You're certainly not the first person to ask those questions Kristen. I'm certainly not the font of all wisdom and knowledge, but I'll take a stab at answering your questions.

    Let's talk brands. Any DSLR camera (Canon/Nikon/Pentax) at a comparable price point with roughly equivalent lenses will produce roughly equivalent images. There will be some cases where one brand may do better than another. In most cases however, it's the photographer that makes the difference.

    Yes there are cameras with 30-50x zoom. Any zoom lens is a compromise however. The greater the zoom range, the greater the compromises. This is why photographers talk about "prime" lenses... one focal length, no zoom and optimized for that focal length.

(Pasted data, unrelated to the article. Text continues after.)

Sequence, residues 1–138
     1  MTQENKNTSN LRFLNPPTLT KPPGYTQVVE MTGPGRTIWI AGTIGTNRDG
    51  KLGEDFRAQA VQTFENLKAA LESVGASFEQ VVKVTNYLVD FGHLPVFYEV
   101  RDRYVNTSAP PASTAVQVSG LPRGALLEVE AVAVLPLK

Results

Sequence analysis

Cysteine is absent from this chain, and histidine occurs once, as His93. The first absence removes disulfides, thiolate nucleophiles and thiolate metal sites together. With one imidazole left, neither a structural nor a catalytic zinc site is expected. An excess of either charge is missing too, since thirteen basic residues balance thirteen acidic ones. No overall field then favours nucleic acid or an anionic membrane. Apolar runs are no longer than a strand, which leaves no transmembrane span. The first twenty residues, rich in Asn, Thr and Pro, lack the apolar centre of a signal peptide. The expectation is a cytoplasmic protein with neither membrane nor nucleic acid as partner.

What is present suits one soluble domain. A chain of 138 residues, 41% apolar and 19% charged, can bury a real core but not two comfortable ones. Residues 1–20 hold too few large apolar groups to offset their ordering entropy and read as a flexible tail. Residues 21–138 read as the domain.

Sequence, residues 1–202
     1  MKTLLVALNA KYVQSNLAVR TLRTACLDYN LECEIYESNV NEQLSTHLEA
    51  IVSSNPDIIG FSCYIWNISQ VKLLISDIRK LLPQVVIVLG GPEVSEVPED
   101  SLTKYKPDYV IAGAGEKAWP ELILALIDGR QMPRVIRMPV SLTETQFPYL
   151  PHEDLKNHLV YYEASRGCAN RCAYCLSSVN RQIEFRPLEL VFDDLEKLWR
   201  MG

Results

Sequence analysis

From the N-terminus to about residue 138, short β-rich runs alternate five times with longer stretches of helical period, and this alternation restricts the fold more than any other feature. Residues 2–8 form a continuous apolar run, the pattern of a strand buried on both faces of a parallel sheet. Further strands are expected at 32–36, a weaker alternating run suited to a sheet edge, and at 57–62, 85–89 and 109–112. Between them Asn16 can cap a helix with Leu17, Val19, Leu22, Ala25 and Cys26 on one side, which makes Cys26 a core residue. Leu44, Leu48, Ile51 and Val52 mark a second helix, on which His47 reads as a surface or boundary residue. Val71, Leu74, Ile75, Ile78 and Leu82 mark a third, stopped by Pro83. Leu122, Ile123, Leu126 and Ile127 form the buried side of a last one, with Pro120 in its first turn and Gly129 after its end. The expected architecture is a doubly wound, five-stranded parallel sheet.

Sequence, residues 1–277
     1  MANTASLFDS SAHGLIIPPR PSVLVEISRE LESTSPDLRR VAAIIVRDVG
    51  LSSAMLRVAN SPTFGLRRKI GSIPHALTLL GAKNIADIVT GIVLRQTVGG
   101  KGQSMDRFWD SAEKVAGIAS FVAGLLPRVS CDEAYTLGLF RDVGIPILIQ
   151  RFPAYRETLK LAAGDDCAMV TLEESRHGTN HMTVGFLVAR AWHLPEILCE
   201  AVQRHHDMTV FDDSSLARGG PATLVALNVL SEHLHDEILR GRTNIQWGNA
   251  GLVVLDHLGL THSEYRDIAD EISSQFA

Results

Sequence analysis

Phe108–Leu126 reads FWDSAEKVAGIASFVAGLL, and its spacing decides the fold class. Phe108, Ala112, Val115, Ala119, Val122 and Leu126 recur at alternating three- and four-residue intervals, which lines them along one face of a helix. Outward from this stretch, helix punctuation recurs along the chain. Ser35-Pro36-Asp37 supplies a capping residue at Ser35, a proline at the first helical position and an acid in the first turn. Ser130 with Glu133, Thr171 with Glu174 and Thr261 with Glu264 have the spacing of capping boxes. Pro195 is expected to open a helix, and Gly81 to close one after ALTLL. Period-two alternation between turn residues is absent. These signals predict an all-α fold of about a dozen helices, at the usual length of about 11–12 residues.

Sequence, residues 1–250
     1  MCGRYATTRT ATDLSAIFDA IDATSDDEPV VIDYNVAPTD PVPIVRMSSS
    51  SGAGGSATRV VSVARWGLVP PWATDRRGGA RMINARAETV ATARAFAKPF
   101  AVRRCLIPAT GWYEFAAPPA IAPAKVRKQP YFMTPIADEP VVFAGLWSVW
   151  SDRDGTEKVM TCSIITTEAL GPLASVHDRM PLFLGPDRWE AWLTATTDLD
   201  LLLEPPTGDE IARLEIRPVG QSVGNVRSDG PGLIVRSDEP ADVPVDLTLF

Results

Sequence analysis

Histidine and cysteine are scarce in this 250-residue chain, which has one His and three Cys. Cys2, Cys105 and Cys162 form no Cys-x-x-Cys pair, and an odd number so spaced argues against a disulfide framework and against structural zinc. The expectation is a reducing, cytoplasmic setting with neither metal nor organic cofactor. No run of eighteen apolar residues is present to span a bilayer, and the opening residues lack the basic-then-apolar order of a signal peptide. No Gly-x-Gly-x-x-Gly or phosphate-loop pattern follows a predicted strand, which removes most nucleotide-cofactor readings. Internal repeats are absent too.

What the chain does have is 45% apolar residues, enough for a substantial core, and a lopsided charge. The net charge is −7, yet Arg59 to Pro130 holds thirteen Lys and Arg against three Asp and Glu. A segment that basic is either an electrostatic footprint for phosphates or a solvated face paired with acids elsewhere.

Having said that, not all 50mm primes are equivalent. There are very expensive very good primes and some not so expensive, not so good primes.... and every company has produced its share of excellent lenses and it's share of stinkers.

    The resolution of the sensor is important, but is only one aspect of how large an image can be blown up to. A very high resolution sensor paired with a crap lens will not produce the results you want. Conversely, a very good lens paired with a lower resolution sensor may very well give you the results you want.

    My honest suggestion... do your research, decide on a short list of three or four models then go into a reputable camera store and ask to see each of them. Pick them up, play with them and see which feels the best in your hands. Play with the focus ring and zoom on the lens. Which one feels the smoothest and best?

    As for the aperture/RAW/f-stop questions... there are tons of tutorials around on the web... several on this site. I'd offer to explain, but I struggle with those concepts and their application to the real world... as anyone who has seen my photos can attest.

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    realdereal's Avatar